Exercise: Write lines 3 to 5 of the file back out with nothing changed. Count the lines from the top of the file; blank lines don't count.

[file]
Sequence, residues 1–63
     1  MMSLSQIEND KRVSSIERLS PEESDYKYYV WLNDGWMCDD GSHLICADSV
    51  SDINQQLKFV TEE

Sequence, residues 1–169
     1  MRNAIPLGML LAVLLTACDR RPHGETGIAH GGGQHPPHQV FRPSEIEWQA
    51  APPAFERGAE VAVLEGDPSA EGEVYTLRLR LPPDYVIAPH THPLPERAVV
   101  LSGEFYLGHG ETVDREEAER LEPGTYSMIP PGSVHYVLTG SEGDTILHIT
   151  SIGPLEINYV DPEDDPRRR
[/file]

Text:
    51  SDINQQLKFV TEE

Sequence, residues 1–169
     1  MRNAIPLGML LAVLLTACDR RPHGETGIAH GGGQHPPHQV FRPSEIEWQA